CAS not a humane method of poultry slaughter
Based on input from animal-science veterinary and
ethics professionals, American Humane Certified says that research is not yet
conclusive or complete to support Controlled Atmosphere Stunning (CAS) as the
preferred method of poultry slaughter.
â€œThere is no distress as severe as the feeling of not being able to
breathe. This feeling of suffocation is not only a result of lack of oxygen, but
also the inability to blow off carbon dioxide. CO2 drives respiration. Even
though CAS creates unconsciousness, there must be a period when the animal feels
a sense of suffocation. For this reason, I do not accept CAS as a humane method
of euthanasia,â€ says Bernard Rollin, Ph.D., professor in the departments of
animal services and philosophy at Colorado State University and a member of the
American Humane Certified Scientific Advisory Committee.
The American Humane Association created the first and original humane
certification label program. Tim Amlaw, program manager of American Humane
Certified, said, â€œWe believe that humane slaughter of food animals must be
performed using the best available science and in a manner that causes minimal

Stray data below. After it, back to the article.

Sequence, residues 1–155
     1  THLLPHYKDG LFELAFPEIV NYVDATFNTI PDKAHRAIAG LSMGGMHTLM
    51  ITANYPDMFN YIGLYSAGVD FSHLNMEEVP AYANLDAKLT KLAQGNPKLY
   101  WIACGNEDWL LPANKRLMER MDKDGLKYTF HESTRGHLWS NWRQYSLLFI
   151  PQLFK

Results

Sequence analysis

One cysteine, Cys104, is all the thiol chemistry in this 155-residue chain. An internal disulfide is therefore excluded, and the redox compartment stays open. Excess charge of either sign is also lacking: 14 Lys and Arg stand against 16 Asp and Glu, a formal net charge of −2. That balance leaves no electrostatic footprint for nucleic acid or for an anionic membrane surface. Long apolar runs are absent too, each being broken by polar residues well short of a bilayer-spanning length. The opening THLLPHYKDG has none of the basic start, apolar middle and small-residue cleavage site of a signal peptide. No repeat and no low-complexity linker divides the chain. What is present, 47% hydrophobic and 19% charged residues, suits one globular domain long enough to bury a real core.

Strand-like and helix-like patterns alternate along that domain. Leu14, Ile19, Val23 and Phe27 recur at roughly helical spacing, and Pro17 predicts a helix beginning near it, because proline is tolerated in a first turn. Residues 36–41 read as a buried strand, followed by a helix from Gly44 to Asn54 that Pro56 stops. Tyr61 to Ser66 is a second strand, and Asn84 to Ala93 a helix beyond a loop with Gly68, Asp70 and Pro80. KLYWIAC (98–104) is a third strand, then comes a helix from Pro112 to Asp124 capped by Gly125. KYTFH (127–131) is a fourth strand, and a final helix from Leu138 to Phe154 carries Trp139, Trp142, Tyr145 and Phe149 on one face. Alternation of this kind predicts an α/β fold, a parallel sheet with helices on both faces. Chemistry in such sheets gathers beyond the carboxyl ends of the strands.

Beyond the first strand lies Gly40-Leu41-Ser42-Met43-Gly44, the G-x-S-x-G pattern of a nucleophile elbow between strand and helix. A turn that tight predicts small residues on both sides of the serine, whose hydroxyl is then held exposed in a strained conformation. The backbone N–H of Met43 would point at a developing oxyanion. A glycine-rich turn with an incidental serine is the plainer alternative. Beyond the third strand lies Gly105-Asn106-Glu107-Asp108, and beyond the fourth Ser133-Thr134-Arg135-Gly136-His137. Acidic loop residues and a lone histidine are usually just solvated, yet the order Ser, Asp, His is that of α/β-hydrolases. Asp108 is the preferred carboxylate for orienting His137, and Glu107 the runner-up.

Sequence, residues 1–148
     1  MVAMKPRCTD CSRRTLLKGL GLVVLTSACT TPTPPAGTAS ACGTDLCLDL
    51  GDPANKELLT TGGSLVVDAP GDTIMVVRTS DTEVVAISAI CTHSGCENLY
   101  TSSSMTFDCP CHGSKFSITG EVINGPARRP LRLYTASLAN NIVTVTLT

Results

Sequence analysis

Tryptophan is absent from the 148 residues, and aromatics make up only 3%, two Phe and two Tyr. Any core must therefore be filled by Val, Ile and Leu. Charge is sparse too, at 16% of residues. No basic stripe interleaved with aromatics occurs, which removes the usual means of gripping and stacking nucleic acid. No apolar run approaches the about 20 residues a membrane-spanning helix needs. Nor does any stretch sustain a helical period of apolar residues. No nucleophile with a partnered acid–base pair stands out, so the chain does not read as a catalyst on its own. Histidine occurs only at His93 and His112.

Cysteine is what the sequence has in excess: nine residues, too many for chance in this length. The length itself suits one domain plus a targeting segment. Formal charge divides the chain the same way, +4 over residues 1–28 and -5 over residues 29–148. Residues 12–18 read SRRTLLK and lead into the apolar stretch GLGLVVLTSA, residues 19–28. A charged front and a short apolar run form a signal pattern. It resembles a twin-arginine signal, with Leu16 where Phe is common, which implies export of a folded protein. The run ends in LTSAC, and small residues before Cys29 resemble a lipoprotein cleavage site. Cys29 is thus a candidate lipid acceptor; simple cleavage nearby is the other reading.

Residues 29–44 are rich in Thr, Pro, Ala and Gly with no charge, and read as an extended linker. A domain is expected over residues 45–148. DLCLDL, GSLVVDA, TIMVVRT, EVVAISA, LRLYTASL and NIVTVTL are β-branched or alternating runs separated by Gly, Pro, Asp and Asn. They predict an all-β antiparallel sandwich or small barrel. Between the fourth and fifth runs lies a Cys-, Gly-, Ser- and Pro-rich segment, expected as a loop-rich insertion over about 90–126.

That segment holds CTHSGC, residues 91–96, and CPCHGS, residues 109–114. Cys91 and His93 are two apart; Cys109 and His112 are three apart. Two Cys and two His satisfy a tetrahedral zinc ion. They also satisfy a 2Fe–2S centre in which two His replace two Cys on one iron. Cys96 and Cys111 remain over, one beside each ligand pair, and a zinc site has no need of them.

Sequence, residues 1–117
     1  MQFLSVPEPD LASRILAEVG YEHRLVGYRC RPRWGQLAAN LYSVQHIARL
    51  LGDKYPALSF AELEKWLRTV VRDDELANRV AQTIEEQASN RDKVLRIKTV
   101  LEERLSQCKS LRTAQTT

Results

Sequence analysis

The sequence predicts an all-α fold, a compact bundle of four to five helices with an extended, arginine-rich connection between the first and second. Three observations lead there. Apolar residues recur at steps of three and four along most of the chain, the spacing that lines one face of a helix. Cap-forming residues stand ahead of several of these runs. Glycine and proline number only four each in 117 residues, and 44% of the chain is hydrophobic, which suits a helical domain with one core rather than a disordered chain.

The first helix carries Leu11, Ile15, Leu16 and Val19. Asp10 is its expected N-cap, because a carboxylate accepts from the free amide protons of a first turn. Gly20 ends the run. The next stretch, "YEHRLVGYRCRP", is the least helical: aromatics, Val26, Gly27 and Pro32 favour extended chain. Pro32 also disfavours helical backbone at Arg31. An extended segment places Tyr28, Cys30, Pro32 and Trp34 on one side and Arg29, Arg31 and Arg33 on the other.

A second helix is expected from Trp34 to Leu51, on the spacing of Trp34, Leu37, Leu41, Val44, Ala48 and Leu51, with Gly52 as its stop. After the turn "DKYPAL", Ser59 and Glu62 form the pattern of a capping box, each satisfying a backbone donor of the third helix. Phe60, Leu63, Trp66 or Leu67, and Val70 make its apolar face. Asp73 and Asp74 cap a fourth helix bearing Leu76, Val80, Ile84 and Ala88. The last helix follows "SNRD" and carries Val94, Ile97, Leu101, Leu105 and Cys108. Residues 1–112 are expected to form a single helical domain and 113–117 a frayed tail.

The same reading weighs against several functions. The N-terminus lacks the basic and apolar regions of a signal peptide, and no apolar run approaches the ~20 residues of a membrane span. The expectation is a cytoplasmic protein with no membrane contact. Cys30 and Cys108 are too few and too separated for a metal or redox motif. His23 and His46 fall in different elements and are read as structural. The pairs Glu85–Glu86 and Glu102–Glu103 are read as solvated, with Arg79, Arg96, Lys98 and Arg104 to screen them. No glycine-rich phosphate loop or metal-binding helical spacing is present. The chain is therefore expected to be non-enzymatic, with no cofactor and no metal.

or no distress to the animals. Based on our scientific experts and existing
evidence, we are not aware of any science-based conclusive evidence that the
distress chickens, turkeys or other species experience in existing electric
stunning methods is greater, or less than that with gas anesthesia induction.
Any claim that CAS is more humane is simply not founded on current science and
should not be forced on the industry, at this time.â€
â€œEach current method of poultry stunning has issues that may be resolved in
the interim, through close audit and further research and development. Neither
animal processing facilities nor retail food operations should be forced to
implement costly new technologies that do not generate clear improvements in
animal welfare. To do so would not support a sustainable food chain,â€ says John
McGlone, Ph.D., professor of animal and food sciences, and director of animal
care services at Texas Tech University, and Scientific Advisory Fellow of the
American Humane Certified program.
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